The Everett Public Schools has been honored with the Best Communities for Music Education designation from The NAMM Foundation for its outstanding commitment to music education.
Now in its 20th year, the Best Communities for Music Education designation is awarded to districts that demonstrate outstanding achievement in efforts to provide music access and education to all students. To qualify for the Best Communities designation, Everett answered detailed questions about funding, graduation requirements, music class participation, instruction time, facilities, support for the music programs, Responses were verified with school officials and reviewed by The Music Research Institute at the University of Kansas.
“We have a long and proud tradition of providing exceptional musical opportunities for our students, both in the classroom and through extracurricular pursuits,” said Interim Superintendent Janice Gauthier. “This award is a reflection of the hard work and dedication that our students and teachers demonstrate each and every school year.”
This award recognizes that Everett is leading the way with learning opportunities as outlined in the Every Student Succeeds Act (ESSA). The legislation guides implementation in the states and replaces the No Child Left Behind Act (NCLB) which was often criticized for an overemphasis on testing-while leaving behind subjects such as music. ESSA recommends music and the arts as important elements of a well-rounded education for all children.
Research into music education continues to demonstrate educational/cognitive and social skill benefits for children who make music. After two years of music education, research found that participants showed more substantial improvements in how the brain processes speech and reading scores that their less-involved peers and that students who are involved in music are not only more likely to graduate high school, but also to attend college as well. Everyday listening skills are stronger in musically-trained children that in those without music training. Significantly, listening skills are closely tied to the ability to: perceive speech in a noisy background, pay attention, and keep sounds in memory. Later in life, individuals who took music lessons as children show stronger neural processing of sound; young adults and even older adults who have not played an instrument for up to 50 years show enhanced neural processing compared to their peers. Not to mention, social benefits include conflict resolution, teamwork skills, and how to give and receive constructive criticism.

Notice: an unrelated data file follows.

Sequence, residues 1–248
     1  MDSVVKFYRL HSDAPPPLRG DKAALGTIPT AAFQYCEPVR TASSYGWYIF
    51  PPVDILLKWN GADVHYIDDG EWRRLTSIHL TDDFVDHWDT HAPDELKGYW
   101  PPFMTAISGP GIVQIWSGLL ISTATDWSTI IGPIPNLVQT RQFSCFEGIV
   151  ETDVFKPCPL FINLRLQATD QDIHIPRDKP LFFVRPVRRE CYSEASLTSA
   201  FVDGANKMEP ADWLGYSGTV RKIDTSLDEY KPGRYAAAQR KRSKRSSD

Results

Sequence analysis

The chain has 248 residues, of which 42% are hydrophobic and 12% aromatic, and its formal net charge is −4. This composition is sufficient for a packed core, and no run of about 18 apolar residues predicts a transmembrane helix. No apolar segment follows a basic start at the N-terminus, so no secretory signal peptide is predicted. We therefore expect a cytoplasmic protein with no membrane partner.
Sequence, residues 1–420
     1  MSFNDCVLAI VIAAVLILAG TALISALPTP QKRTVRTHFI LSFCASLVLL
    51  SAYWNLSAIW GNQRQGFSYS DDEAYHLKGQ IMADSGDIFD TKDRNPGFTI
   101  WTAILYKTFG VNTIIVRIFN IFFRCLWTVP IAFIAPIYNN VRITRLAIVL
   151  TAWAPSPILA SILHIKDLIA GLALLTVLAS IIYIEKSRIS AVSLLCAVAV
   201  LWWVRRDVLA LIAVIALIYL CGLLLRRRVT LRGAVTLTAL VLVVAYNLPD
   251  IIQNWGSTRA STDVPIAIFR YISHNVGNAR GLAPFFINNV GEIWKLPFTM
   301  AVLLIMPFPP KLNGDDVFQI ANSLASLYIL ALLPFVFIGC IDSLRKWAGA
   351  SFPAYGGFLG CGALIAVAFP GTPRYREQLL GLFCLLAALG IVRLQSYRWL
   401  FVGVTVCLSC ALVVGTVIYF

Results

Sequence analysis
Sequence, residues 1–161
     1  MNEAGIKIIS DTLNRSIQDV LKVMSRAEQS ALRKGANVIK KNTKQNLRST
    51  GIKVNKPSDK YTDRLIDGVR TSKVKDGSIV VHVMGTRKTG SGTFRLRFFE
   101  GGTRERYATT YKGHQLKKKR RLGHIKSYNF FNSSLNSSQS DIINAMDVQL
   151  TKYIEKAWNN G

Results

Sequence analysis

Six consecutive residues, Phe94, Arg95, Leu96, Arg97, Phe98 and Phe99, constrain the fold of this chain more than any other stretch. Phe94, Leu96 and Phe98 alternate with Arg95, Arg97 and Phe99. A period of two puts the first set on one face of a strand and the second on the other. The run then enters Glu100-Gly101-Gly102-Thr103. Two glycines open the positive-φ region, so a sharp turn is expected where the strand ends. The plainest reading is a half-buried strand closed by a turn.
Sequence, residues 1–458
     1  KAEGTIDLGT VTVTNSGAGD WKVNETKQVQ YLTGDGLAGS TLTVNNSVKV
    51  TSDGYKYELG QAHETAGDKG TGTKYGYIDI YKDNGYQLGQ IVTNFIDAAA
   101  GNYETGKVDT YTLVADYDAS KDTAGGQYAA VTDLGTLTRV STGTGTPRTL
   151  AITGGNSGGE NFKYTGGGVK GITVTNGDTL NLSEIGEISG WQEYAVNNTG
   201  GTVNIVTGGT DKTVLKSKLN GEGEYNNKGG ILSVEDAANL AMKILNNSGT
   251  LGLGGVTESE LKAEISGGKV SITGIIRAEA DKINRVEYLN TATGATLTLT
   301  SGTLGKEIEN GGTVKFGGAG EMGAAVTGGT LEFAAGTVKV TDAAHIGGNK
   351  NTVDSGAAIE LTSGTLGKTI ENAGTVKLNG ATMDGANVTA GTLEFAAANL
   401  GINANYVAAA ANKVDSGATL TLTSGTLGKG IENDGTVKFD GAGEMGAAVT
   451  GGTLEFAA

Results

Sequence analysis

A 2015 study supported by The NAMM Foundation, “Striking A Chord,” also outlines the overwhelming desire by teachers and parents for music education opportunities for all children as part of the school curriculum.
The EPS Music Department is in the midst of its busiest time of the year, as several performances and trips are scheduled for the coming weeks and months. The “Percussion Pageantry” is set for Sunday, April 7 at 1 p.m. in the EHS Gymnasium. String Night will be held on Thursday, April 11, the May Day Concert will be on Wednesday, May 1, and the Memorial Day Concert is scheduled for Wednesday, May 22 (all beginning at 6 p.m. inside the EHS Auditorium.)
The EHS Percussion Ensemble is competing in the 2019 Winter Guard International Percussion and Winds World Championships on April 10-14 in Dayton, Ohio. Everett High band members and musicians will also be traveling to Washington, D.C. in May to march in the National Memorial Day Parade and represent Massachusetts for a full weekend of festivities.
About The NAMM Foundation
The NAMM Foundation is a nonprofit supported in part by the National Association of Music Merchants and its approximately 10,400 members around the world. The foundation advances active participation in music making across the lifespan by supporting scientific research, philanthropic giving, and public service programs. For more information about the NAMM Foundation, please visit www.nammfoundation.org.